An assessment of the daily activity rhythm of wild Japanese monkeys was tried both from the calculation of the proportion that each activity occupied in the total activities and the “nomadograph,” representing temporary change in the pace of the daily movement. Seasonal and day-to-day changes are recognized in the daily activity rhythm of the troop of wild Japanese monkeys. It seems that seasonal change in the daily activity rhythm corresponds to the seasonal fluctuation of food supply and atmospheric temperature. From autumn to early winter, when much food is available, a clear-cut pattern of activity emerges; namely, three intensive feeding periods are recognized in a day. Moreover, day-to-day variation in the activity rhythm is fairly small and the activity pattern thus becomes standardized. In winter, when least food is available, activity of monkeys drops to the lowest level of the year. Day-to-day variation in the activity rhythm is great. Two to four intensive feeding periods in a day are recognized. In early spring and summer, when food supply is rather scarce, there exist two to three intensive feeding periods in a day. During the heat of the day in summer, activity of monkeys is conspicuously low.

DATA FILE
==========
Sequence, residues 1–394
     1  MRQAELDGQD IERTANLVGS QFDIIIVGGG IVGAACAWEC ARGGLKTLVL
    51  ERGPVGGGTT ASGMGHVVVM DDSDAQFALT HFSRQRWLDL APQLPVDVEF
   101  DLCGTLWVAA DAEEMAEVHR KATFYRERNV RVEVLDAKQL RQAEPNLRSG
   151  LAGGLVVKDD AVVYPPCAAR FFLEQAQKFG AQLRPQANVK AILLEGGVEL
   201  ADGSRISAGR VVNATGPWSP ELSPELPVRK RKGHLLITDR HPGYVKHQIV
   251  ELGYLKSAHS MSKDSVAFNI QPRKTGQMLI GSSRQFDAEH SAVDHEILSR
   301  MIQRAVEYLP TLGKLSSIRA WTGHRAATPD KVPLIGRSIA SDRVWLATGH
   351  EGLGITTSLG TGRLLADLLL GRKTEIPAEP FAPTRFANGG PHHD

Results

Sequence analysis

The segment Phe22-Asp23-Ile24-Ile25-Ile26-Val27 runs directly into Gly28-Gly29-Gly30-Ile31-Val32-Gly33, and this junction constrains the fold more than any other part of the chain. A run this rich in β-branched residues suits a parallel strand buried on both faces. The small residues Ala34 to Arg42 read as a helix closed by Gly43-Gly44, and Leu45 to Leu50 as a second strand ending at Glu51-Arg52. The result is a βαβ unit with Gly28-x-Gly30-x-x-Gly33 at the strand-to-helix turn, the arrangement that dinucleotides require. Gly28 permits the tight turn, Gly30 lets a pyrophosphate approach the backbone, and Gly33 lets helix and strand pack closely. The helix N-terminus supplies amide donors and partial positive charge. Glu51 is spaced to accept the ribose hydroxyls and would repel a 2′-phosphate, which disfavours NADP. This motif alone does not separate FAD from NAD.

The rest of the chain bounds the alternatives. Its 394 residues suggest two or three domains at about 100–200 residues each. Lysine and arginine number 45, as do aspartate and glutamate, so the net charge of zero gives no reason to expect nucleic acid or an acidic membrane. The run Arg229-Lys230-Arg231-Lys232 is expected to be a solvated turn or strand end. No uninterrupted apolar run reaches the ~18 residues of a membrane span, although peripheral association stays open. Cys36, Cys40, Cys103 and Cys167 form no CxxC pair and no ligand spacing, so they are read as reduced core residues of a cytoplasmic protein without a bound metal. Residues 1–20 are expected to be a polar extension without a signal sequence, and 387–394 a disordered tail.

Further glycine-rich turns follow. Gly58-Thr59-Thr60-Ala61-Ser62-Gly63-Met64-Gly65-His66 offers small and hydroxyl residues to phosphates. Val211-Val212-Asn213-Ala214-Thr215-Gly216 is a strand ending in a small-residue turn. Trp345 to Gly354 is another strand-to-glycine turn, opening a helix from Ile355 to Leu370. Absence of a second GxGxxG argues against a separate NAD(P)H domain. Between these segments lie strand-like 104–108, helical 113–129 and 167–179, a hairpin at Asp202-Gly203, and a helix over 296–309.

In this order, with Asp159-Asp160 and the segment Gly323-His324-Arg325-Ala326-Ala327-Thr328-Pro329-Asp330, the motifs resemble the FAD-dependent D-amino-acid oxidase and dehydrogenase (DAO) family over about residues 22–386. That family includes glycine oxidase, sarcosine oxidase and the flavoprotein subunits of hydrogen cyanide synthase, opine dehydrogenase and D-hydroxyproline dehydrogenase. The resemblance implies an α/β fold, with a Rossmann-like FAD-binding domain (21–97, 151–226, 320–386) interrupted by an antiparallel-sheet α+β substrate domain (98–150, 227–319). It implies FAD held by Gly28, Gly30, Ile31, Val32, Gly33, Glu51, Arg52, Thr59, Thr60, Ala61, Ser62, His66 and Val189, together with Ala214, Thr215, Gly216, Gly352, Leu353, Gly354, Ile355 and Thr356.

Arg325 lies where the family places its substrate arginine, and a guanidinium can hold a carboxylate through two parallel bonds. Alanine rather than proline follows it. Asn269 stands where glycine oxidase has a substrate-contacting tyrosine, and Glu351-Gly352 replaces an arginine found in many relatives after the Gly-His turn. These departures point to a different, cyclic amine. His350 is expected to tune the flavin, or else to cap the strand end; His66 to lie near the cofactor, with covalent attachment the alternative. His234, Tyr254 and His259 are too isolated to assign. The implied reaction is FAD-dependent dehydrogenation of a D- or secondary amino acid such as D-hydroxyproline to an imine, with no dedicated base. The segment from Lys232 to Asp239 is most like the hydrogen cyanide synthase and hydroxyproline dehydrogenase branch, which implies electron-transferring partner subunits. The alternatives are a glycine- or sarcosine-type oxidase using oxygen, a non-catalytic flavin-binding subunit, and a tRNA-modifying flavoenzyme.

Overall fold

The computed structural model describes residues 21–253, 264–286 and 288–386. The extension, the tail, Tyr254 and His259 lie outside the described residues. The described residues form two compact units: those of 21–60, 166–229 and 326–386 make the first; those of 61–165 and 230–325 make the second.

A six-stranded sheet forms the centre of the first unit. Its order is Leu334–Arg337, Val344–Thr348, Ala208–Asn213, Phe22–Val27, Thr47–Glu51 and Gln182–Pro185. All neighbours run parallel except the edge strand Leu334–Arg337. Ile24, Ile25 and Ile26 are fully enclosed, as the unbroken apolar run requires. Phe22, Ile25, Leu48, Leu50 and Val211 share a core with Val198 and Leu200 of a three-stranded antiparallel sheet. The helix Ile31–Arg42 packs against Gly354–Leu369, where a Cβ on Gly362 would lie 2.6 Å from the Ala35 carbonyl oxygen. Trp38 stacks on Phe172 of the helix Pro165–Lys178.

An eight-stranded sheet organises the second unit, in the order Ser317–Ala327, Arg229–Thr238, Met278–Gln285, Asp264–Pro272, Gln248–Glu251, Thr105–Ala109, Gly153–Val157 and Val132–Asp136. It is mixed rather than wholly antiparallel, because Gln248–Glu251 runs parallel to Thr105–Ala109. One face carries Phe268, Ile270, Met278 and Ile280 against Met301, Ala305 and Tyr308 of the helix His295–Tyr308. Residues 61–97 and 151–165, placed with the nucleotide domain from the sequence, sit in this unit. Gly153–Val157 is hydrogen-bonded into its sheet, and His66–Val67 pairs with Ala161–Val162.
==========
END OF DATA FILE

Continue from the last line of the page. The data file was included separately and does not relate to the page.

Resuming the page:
KeywordsTemporary Change Daily Activity Food Supply Seasonal Change Activity Pattern
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